# Difference between ANOVA, Linear model,…..

At this site is given one of the best explanation on the difference between anova and a regression model:

http://www.pmean.com/08/RegressionAndAnova.html

Plus, look here for a good place to know about the process to calculate anova

https://en.wikipedia.org/wiki/One-way_analysis_of_variance

https://en.wikipedia.org/wiki/Analysis_of_variance

and two-way anova

https://en.wikipedia.org/wiki/Two-way_analysis_of_variance

In this document it is a good summary of functions in R to be used with linear models and anova:

# SVD and PCA in R

Guide to do SVD and PCA in R.

First some good documents about PCA and SVD:

http://www.math.ucsd.edu/~gptesler/283/slides/pca_f13-handout.pdf  … about genetic application, VERY GOOD

http://www.cs.cmu.edu/~jimeng/papers/ICMLtutorial.pdf    … It is a generic document about tensors on machine learning but has an initial chapeter very interesting about SVD and PCA

Imagine you have an matrix Y (mxn) with m rows and n columns, suppose m>=n. For example it can be a matrix of images with the rows having the vectorised pixel intesities of images or a matrix of genes with rows being the genes expressions for different samples. The columns have samples, so , for example, different columns correspond to different tissue samples or different images….

The SVD of Y is a matrix fatorization:  Y= UDV’ , where the prime indicates transpose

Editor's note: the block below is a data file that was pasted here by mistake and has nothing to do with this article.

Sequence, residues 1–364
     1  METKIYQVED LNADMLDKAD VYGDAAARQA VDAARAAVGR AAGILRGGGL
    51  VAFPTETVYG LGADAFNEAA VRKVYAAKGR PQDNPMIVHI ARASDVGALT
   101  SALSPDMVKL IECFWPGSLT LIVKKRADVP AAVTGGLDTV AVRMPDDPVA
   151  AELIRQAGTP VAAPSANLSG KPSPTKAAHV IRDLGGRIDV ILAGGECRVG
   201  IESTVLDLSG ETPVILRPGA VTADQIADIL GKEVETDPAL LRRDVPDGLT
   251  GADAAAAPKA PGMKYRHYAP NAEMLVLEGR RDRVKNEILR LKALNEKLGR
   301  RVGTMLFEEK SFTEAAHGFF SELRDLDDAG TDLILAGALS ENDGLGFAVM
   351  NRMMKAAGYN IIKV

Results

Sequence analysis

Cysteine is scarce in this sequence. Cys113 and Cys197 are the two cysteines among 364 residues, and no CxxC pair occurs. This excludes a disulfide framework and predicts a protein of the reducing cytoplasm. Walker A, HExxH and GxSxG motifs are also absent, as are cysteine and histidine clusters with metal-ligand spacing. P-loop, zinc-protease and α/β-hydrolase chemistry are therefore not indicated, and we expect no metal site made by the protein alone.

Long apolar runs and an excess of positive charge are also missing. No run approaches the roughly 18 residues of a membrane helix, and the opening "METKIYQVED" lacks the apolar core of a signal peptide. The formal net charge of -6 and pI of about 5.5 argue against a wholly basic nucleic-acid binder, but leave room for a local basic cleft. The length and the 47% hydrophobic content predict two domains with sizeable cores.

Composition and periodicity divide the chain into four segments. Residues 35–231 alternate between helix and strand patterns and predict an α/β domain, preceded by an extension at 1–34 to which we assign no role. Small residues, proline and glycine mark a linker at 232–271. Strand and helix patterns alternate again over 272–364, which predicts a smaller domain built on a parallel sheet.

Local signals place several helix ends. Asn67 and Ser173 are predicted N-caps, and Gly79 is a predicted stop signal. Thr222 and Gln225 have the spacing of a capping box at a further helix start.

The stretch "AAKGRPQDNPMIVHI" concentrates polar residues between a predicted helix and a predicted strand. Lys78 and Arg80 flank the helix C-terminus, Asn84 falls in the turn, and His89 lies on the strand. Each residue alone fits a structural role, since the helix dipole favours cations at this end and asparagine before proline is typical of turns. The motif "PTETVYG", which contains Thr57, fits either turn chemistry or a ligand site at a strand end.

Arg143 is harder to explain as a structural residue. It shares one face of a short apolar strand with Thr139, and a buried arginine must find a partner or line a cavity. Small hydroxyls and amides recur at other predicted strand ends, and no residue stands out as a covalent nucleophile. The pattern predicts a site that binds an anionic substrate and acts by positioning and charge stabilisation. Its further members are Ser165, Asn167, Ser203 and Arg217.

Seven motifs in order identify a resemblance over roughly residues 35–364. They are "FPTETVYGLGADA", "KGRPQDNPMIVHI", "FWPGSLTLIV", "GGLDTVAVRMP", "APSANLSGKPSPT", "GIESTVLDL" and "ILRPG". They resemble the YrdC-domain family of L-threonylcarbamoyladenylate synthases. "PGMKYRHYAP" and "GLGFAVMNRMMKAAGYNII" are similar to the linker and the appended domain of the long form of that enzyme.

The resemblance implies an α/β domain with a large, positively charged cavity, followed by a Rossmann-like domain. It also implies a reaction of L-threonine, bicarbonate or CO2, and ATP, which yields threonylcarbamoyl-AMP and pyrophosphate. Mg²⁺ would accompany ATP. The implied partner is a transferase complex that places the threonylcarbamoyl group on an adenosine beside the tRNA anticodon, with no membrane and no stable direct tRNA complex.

In R SVD is obtained with:

s = svd(Y)

s\$u  gives the U

s\$d  gives the digonal vector of D

s\$v  … here we have the V, not the transposed V

Before applying svd the matrix Y have tobe detrended, that is, we have to substract the mean (through the sample dimension…)

so…previously…

Y= Y – rowMeans(Y)

Once this is done….the Principal Components are the Vs obtained in s\$v after applying svd to the detrended Y

These can be obtained also using the function prcomp in R

p = prcomp(y)

and the principal components are in p\$rotation…. try this plot to see that the columns of s\$v and p\$rotation are equal:

plot(s\$v[,1],p\$rotation[,1])  ,same for the other columns….

Before applying prcomp it is not necessary to do detrending.

THE PCs can be the s\$v or the s\$u depending on the problem and if we are working with Y or Y’. In general there is a confusion between what is the PCs and what is the eigenvector you take to project in the new low-dimension space, and there is confusion between documents about this.

In principle, the projection is done with the values obtained from svd (s\$s or s\$u) or their transposed. These values are usually called principal components, but principal components are called, in other papers, the above mentioned values multiplied by s\$d, in these cases can be an additional factor of 1/m-1 to account for the factor to obtain the covariance matrix. See the first reference where it is presented quite clearly the differences.

IN GENERAL do YY’ and Y’Y and take the one with the lower dimension (this is usually the covariance matrix that makes sense), after doing that if you have done YY’ the PCs are the Us and if Y’Y then the PCs are the Vs

Here is some code in R you can use to see the differences between prcomp and svd:

u=s\$u
d=s\$d
v=s\$v
View(p\$rotation)
View(s\$v)
View(abs(s\$v-p\$rotation))

sqrt(colSums(p\$rotation^2))  # unitary vectors
View(Y %*% p\$rotation -p\$x)  # p\$x has the projections of Y on the PCs